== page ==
The French, eh? they know how to do things properly. No big fanfares, no big flashing signs outside saying, "Come on in HERE and we will show you SOMEthing!" (well, actually those signs DO exist and in the seedier part of my new neighbourhood which is known as Pig Alley to some and Pigalle to the rest of us. But I am not talking about them.) No, the French do things such as making one stand in line to get checked through security b/c they use the same lines for the Palais de Justice and for Sainte Chapelle. {Why waste perfectly good man (it's all men) power when the two places are side by side??} and, when one is asked to open one's bag to show the corkscrew left one by The First Adventuress, the bag examiner looks at the knife part, looks at Moi and, in French, shows another, more senior I like to think, examiner. The Sr Ex asks "de qui?". I am indicated. He looks at me, grins, and says, in English, "she's o.k." I am not sure whether to be flattered or disappointed but, as I didn't want to have to buy another corkscrew, I laugh and say, in my best French accent, "Merci et au revoir, messieurs." They both laugh and I get the heck out of there.

And then the French make one walk across the back alley to the servants' entrance and it is quite beautiful in itself, all vaulting and blue ceiling with stars of gold. Not quite what I was expecting but hey, stars of gold on a blue ceiling are good. I am looking for a big sign saying "Spiral Staircase to the Real Chapel" or something. It's over there, in the corner with a tiny sign ( I was going to make the font tiny but can't figure out how to do that and not have everything else tiny too and I have just spent about 10Euros of i/n time trying to do so so too bad...). It is a very steep spiral staircase and small heffalump with asthma seems to be ahead of me. I wait patiently b/c after all, this can't be That Big a Thing. It was only 6.10 Euro and everyone knows that in Paris that is for cheap stuff.

Everyone except the people who set the pricing at Ste-Chapelle.

Try to imagine stepping out of a dark, dark staircase. Kind of like the tunnel we are told some people experience at death. And try to imagine stepping into the most glorious light in the world. The light of all the colours alive and dancing brighter and duller with passing clouds and setting sun. Like being inside a kaleidoscope. These are the walls of Ste-Chapelle: 20 metres of stained glass straight up all the way round a nave that is less than 10 metres wide in lancets of four and, behind the altar, lancets in pairs. The effect was dazzling and eye-popping and, most particularly interesting, silencing. This was built in less than five years and consecrated in 1248!!!! Talk about no building committees and no diocesan councils!! And built before almost anyone except the ancestors of those already here had even considered the existence of where we now live.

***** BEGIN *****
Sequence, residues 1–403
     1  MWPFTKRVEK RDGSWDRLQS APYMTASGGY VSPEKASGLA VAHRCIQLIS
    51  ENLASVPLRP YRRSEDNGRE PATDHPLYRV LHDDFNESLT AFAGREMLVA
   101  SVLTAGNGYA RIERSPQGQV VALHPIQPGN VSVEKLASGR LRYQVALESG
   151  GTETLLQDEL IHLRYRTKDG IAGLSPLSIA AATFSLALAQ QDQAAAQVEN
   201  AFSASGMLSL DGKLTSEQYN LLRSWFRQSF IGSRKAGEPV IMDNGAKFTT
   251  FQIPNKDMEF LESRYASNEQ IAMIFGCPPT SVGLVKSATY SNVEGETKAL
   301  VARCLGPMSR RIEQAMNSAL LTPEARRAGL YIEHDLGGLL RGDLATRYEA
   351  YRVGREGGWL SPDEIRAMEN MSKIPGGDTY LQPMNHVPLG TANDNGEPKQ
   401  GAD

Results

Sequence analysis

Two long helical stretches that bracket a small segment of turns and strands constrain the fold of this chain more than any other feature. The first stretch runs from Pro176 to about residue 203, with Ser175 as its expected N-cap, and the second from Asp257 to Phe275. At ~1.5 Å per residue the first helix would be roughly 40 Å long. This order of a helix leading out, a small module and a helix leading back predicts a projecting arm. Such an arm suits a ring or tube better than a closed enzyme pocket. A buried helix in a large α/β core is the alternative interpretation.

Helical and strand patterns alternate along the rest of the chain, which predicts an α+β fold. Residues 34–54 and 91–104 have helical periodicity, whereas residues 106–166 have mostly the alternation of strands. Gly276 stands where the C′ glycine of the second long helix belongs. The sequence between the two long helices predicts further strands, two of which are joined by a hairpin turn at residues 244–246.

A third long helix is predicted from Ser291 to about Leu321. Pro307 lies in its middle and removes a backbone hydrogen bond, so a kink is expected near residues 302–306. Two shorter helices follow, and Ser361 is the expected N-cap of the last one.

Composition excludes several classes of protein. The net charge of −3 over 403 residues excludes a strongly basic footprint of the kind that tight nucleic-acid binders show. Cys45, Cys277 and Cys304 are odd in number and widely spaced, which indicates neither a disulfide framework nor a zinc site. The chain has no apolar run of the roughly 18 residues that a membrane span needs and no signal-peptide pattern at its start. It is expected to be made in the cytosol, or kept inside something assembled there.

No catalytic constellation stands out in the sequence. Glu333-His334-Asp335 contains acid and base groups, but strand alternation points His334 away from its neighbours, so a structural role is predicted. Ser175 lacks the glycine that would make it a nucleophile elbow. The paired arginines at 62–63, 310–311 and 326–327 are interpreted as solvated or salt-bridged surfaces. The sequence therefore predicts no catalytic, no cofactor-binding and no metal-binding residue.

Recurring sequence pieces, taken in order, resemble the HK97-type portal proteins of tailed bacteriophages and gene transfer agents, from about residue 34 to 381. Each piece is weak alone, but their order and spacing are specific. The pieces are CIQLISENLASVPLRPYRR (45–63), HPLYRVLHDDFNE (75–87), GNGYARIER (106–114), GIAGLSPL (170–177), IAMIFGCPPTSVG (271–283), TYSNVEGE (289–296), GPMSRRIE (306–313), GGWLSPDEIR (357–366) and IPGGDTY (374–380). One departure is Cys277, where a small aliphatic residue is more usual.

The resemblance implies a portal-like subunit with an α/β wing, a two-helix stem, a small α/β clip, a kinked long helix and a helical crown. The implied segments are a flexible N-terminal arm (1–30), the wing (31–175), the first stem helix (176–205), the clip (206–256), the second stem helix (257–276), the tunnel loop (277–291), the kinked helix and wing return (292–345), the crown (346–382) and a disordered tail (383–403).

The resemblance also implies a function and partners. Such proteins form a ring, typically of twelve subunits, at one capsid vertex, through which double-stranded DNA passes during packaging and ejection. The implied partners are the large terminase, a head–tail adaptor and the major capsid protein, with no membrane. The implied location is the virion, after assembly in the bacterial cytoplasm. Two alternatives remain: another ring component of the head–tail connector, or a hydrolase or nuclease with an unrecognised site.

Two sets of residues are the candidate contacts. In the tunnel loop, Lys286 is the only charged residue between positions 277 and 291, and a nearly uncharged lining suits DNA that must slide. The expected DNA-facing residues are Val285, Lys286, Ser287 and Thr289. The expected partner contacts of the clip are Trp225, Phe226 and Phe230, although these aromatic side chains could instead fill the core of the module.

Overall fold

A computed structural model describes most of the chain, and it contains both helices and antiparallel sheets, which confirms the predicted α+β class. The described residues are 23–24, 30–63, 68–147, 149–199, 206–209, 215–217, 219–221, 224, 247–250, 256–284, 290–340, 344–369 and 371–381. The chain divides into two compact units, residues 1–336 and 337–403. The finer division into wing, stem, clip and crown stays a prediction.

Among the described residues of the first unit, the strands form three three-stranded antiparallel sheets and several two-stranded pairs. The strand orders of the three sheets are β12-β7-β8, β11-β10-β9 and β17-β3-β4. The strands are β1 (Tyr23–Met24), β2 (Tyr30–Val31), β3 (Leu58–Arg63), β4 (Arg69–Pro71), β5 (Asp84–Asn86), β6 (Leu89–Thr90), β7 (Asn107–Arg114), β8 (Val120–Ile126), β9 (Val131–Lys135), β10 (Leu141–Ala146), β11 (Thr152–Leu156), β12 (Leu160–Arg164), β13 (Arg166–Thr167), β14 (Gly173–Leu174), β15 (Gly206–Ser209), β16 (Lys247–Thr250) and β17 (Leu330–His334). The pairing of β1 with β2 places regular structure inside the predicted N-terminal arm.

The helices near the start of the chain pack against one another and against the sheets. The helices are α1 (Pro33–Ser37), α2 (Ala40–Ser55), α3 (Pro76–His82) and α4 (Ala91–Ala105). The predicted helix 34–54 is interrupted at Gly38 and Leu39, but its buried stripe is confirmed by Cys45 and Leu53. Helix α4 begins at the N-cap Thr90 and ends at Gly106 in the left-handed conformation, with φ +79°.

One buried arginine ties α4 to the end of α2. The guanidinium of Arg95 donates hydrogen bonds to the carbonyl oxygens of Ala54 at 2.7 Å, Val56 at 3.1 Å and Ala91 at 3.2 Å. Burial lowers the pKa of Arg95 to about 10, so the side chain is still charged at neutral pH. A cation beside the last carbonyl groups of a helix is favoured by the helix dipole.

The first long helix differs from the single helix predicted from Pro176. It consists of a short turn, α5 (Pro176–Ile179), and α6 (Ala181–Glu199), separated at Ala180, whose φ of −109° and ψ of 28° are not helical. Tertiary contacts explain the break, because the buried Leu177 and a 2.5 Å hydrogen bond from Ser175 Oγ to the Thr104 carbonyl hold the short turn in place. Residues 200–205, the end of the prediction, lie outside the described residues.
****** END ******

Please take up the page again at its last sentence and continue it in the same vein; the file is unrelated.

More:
You all know I don't get gobsmacked easily by "stuff". It has happened at last.

Thursday, November 03, 2005

Very quickly....

I am in Paris. I have been in Paris since 0645 this morning after the night train (a new and broadening adventure) from Zurich. I have not yet seen my hotel room but I understand I may do so any time now so I'm agonna. Suffice to say that the singing in Sacre Coeur Basilica this morning at 0800 was sublime and that, even though I got myself into the section which is for those wishing to make confession, I'm saving it for a Sunday at St. G.

The Sr Boy is in Turkey with a cold. Send healing vibes. Meeting him in Coventry for dinner in 2 weeks.

The Jr Boy did not get sacked and the assbeagle who tried rocking the boat is now slightly seasick, I figure.

The Jr Girl is holding everything together including the 35# of candies leftover from the chickenshit children who didn't go to our house (after 20 years of loyalty.....) but to the Evil Subdivision (her term) down the hill.

More when it's not waaaaaay past my nap and hanging clothes up time.